I admit my first reaction was to see if there was a way to bend the rules—what exactly counts as a “book”? Can I include Complete Works? Facing-page translations? After abandoning my attempts to “cheat” this hypothetical situation, I tried to balance the familiar with the new, the entertaining with the mind-bendingly complex. (I should probably be concerned that practicality—like, maybe a Girls Scout’s guide?—didn’t really enter into my consideration).
Homer’s Iliad & Odyssey (Fagles translation)
Capricious gods? Crafty heroes? Petulant warriors? Coercive relationships? Homer really knew how to check all the boxes. Ever since my parents introduced me to D’Aulaires, I’ve been obsessed with Greek mythology. I love the stark beauty of the Fagles translation, and I know I can find magic, mystery and humor ever time I read about Achilles’ temper tantrums, Paris’s preening and Penelope’s antics to keep her suitors at bay. Besides, stranded on my own desert island, I’d likely discover new pathos for Odysseus as he makes his long, long journey home.
Wide Sargasso Sea by Jean Rhys
Since my isolation may well turn me into the madwoman in the attic, Rhys’s brilliant, postcolonial reinterpretation of Jane Eyre’s antagonist as a Creole heiress trapped and tormented in a strange land feels like the right desert island pick. I love books that reimagine the well-worn villains and side-notes of literature and history, and Rhys’s masterpiece is among the best of that ilk.
Midnight’s Children by Salman Rushdie
I love being transported when I read—and probably would find this kind of escape even more necessary when trapped on a desert island. Rushdie’s novels in general, and Midnight’s Children in particular, contain so much intertwining of the real and the mythic, the fantastical and the mundane, that no matter how familiar I grew with these pages, I know I’d always be able to find something new.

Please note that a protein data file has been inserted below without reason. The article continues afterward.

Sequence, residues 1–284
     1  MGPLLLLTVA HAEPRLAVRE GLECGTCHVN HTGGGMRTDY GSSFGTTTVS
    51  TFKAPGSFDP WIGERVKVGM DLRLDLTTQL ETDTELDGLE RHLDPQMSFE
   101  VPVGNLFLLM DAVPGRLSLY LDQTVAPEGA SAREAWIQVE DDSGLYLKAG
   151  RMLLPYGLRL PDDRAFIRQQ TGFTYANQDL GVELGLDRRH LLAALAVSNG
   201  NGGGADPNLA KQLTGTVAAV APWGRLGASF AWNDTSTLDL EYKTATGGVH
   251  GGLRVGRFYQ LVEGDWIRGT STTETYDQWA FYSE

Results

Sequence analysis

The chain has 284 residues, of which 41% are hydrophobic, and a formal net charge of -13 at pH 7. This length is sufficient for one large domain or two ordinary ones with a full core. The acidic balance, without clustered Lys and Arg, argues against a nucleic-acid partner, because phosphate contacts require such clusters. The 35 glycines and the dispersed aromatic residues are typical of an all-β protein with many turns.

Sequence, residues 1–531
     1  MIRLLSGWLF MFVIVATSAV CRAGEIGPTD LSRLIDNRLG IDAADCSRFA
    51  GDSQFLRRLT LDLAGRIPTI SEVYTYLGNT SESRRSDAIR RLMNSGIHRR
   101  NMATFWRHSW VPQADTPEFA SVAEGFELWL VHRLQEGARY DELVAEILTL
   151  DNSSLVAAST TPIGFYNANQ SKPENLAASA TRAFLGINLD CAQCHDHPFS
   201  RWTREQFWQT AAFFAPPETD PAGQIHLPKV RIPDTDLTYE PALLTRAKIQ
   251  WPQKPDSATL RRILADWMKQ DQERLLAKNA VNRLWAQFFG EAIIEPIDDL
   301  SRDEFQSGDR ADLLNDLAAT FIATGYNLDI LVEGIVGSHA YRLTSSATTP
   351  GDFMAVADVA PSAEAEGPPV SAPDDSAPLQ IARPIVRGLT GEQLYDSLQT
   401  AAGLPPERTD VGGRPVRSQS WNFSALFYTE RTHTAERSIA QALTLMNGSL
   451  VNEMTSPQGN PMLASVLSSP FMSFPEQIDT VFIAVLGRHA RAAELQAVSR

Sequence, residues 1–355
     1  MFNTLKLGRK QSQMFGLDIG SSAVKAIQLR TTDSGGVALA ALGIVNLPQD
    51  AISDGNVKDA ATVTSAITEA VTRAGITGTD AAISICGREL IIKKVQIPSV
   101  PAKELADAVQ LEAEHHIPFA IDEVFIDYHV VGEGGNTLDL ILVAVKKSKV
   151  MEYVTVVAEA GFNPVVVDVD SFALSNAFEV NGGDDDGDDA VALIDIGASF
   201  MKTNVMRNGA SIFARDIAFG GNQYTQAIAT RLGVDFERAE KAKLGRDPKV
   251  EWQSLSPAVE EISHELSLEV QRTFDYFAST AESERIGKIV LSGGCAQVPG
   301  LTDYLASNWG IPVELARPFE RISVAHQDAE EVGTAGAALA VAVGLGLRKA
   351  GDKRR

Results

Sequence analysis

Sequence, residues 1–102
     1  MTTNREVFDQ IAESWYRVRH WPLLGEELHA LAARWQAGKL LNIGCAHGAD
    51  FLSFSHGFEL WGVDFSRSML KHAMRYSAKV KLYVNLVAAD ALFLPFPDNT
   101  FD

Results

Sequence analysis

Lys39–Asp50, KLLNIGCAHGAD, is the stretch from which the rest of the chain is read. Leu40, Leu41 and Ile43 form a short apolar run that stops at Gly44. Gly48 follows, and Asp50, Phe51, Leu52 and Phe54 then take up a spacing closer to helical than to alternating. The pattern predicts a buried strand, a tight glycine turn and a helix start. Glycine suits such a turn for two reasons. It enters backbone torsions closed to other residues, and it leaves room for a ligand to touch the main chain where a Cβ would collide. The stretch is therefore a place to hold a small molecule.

Half of a Yellow Sun by Chimamanda Ngozi Adichie
This is a gorgeous, heart-wrenching gem of a novel. It traces the horrors of the Nigerian civil war primarily through the eyes of two twin girls who chart very different courses as they struggle to survive this nightmarish époque in their nation’s history. It is a war novel drawn on a very real human scale—Adichie’s taste for detail brings her characters into flawed, aching life.
A Brief History of Seven Killings by Marlon James
I’ve only read Marlon James’ masterpiece once, but the depth and intricacy of both the language and storytelling is breathtaking. The book includes first person accounts of everyone from a conflicted drug kingpin to a blasé Rolling Stone reporter to an ordinary woman on the lam. In addition to James’ vivid prose and flare for cinematic scene writing, the interwoven plots explore events with which I only have limited familiarity: gang violence in ‘70s Jamaica, the crack wars in ‘90s New York, and the assassination of Bob Marley. The book charts a chaotic, overwhelming era, and echoes that sentiment both structurally and linguistically. Some serious desert-island solitude would give me the time and space to fully plum its depths.
Emily Holleman is a Brooklyn-based writer. She is currently working on the Fall of Egypt series, a set of historical novels that reimagines the saga of Cleopatra from the perspective of her younger sister, Arsinoe. The latest in the series, The Drowning King, is out now.